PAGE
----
It has been confirmed out of Chile, that the twelve countries that negotiated the Trans-Pacific Partnership Agreement (TPPA) will sign it in New Zealand on February 4. But some are asking as to why are we getting such important information from overseas.
A huge announcement. So why did it not come from our government?
Marama Davidson says, "I'm not at all surprised, that we have to get updates from Chile."
The Green Party is furious for what they describe as secretive behaviour when it comes to the TPPA.
The reason they are so up in arms comes from confirmation that the TPPA agreement would be signed on Feb 4 in New Zealand. But New Zealanders know this news came through from Chile.
"This is consistent with the secrecy surrounding the whole thing really," says Davidson.
That secrecy has happened both inside the house and on the streets for anti-TPPA sentiment. But even so, this shows that the deal is on the verge of being completed.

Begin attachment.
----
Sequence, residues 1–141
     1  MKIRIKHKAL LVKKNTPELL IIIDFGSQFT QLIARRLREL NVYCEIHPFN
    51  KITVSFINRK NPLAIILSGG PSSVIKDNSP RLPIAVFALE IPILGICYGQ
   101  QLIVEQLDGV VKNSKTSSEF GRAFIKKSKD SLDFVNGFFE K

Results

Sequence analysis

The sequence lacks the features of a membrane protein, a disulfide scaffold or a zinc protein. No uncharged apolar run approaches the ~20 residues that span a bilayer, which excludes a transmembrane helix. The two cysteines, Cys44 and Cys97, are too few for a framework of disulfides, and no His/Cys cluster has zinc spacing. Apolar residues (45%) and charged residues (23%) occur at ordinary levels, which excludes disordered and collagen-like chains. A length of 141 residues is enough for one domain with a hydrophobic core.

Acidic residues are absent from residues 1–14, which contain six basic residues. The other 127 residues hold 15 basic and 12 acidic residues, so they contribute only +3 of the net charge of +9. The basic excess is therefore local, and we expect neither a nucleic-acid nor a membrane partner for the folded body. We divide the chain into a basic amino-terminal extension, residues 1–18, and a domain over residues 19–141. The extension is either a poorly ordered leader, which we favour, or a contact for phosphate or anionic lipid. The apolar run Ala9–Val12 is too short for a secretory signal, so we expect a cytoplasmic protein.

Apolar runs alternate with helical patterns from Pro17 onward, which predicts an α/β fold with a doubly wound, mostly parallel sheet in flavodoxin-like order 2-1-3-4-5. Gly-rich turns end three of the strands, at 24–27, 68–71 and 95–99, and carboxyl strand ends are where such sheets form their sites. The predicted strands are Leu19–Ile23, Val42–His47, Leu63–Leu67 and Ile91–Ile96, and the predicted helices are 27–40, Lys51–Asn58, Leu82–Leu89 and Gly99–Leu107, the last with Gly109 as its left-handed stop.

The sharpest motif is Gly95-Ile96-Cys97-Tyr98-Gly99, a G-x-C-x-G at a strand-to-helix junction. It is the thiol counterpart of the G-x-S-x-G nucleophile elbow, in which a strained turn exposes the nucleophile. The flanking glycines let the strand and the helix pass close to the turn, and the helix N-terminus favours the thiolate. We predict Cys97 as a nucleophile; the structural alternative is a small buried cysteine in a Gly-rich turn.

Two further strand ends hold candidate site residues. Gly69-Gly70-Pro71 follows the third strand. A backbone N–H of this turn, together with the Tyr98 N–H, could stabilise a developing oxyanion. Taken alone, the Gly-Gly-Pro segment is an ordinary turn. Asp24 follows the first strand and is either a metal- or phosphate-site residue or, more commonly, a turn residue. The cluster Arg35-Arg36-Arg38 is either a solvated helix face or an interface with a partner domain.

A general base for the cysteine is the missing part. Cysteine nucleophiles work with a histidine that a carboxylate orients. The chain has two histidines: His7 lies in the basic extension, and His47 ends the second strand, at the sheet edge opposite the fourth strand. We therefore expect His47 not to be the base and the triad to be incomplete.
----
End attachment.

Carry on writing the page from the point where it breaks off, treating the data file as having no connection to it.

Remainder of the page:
Yet Davidson is adamant that we shouldn't give up. "Keep fighting! Keep fighting! We need to keep fighting forever!" she says. That cry extends out to Māori.
Davidson believes, "Our communities, our whānau, hapū, have the mana for the land. Let us not give that right to big businesses."
If the TPPA is signed, it will make trading among the 12 countries involved easier.
A number of hīkoi and meetings are set to take place around New Zealand next week, highlighting public opposition to the TPPA.
One of the biggest protests will take place in Auckland on February 4. This coincides with the TPPA signing date.
Thousands are expected to meet at Aotea square at 12pm.